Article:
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Raspberry Beer - Counteracting Tart Flavours

Discussion in 'General Brewing Techniques' started by Luxo_Aussie, 4/6/19.

 

  1. Luxo_Aussie

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    Posted 4/6/19
    G'day All,

    I've been trying to create some fruit beers and noted that even a few months after bottling there is still a tart flavour from my first attempt with 1kg of raspberries in a 23L batch (purchased frozen, thawed, added to secondary). The flavour is a little mild as well so wanted to up the amount to 2kg in the next batch, but this would inevitably increase the tartness as well.

    It seems the best way to counteract the tartness would be to make it sweeter & found the below strategies for adding sweetness :
    1) Having a fair amount of Cara malts as part of the recipe (15-20% of CaraPils / CaraHell)
    2) Higher mash temperatures -> 68-70 degrees
    3) Low BU:GU ratio (IBU's ~12 against a OG of 1055)
    4) Use a lower attenuating yeast - I'm using wyeast 3638 (Bav Wheat) for this batch, 70-76%
    5) Use Pilsner / Vienna over pale malt.
    (I'm not keen on adding lactose or maltodextrin to add sweetness)

    Is there anything else I am missing here? Is the best way to counteract the tartness by trying to increase sweetness or is there another path to be taking?

    Cheers!
     
    ABG likes this.
  2. MHB

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    Posted 4/6/19
    Just did a quick Google, says frozen Raspberry's have a pH of 3.2 give or take a point or so. Fully matured beer usually has a pH in the 4.0-4.3 range.
    The acidity in Raspberries appears to mainly come from Mallic Acid, it would be possible to adjust the pH up a bit with some Potassium Bicarbonate.
    You could even try this with the beer you have, use some BiCarb (in most kitchens - Sodium Bicarbonate), just add a pinch to a glass of beer (will foam), adjust to taste, see it that gets rid if the tartness.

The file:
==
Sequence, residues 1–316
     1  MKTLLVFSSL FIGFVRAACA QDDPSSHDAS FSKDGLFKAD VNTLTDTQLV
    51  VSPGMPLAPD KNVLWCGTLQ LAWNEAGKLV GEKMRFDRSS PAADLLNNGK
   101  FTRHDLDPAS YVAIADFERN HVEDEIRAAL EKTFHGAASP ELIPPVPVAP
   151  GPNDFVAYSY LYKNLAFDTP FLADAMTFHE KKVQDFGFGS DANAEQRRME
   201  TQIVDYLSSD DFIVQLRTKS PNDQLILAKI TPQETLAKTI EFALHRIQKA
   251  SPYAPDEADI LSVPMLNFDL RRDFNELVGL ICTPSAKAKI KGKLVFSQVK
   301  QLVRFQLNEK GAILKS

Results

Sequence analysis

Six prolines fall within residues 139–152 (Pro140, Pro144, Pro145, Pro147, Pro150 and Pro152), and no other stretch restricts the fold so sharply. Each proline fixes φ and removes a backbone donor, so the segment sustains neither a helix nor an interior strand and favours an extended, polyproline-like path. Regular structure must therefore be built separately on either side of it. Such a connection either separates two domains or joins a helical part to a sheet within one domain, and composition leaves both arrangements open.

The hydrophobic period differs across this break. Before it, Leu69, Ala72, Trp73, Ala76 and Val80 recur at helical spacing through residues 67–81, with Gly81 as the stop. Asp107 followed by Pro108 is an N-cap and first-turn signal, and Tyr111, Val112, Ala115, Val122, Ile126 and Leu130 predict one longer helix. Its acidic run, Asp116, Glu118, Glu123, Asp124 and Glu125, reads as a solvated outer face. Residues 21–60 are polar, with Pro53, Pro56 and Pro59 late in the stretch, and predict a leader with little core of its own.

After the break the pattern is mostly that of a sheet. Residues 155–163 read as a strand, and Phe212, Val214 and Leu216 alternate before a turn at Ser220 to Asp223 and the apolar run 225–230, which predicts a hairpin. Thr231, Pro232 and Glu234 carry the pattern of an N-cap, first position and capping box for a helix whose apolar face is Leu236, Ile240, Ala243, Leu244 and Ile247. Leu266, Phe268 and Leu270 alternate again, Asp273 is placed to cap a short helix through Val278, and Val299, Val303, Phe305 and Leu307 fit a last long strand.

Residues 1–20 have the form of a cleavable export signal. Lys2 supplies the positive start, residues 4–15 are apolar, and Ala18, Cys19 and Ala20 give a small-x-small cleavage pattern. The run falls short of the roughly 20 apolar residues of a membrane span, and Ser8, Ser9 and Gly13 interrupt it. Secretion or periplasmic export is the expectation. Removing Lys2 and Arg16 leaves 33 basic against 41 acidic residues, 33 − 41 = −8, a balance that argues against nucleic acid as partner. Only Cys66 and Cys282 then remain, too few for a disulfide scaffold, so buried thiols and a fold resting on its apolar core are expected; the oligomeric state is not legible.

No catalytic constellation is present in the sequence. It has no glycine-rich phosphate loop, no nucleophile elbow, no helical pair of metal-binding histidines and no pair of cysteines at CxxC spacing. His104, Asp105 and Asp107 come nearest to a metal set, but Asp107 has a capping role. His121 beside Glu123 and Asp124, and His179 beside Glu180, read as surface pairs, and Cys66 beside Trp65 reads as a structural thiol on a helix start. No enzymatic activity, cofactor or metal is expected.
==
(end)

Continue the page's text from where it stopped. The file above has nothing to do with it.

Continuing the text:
I would use Potassium Bicarbonate for any serious adjustments as it doesn't leave as salty a tasting residue as does Sodium Bicarbonate.
    Done exactly this with some Cider that was just too tart, funny as the pH raises the apple flavour and the body of the cider come to the front.
    Mark
     
    Bellyup, Luxo_Aussie and keine_ahnung like this.
  3. Coalminer

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    Posted 4/6/19
    Can I assume the same would apply to frozen cherries in an oatmeal stout
     
  4. MHB

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    Posted 4/6/19
    Pretty much any acidic fruit, I think it may be Citric Acid in the case of Cherries.
    pH plays a big role in how we taste food, next time you are in a supermarket, have a read of the ingredients on some beverages, Acidity Regulator is pretty conspicuous, manufacturers do this to make their products taste appealing.
    For beer the sweet spot is that 4.0-4.3pH range.
    Mark
     
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  5. bbqzookeeper

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    Posted 5/6/19
    This thread is exactly what I enjoy reading on AHB! Thanks @Luxo_Aussie for the Q & @MHB for the A.
     
    Bellyup, ABG and Company of one like this.
  6. Luxo_Aussie

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    Posted 5/6/19
    Really appreciate the new direction to explore, thank you very much!

    I'll give the sodium bicarbonate a crack on a pre-prepared brew to see the effect. Also keen to grab a few ph test kits from the local HBS and test earlier batches (one with raspberry and two without) to gauge the effect of the fruit on the acidity.
     
  7. ABG

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    Posted 6/6/19
    x2. Makes it nearly as civilised as another forum I know. Shame that @MHB doesn't frequent there as well. The punters and the moderators are much more grown up, as are the conversations.
     
  8. Bellyup

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    Posted 13/6/19
    I made a raspberry wheat beer some time back, it was so dry it could have been a sparkling wine.....it was interesting but not that enjoyable.
     
  9. Luxo_Aussie

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    Posted 13/6/19
    I'm curious, what was the recipe & quantity of raspberries on for this batch?
     
  10. Bellyup

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    Posted 19/6/19
    Gee it was a while ago.......
    Something like :
    Grainfather
    2.5 kg Pilsener
    2.5 wheat
    1 kg frozen raspberries
    Wheat beer yeast- can't remember if it was Safale or Lallemand
    64deg mash for 60 min
    30 g of Halleutaur? @ 60 min
    Added raspberries at 4 days...... remembered that it didn't effect the gravity or ferment much.

    As I said , very dry , more like a sparkling wine than a beer....would have been good with smoked salmon or roast turkey
     

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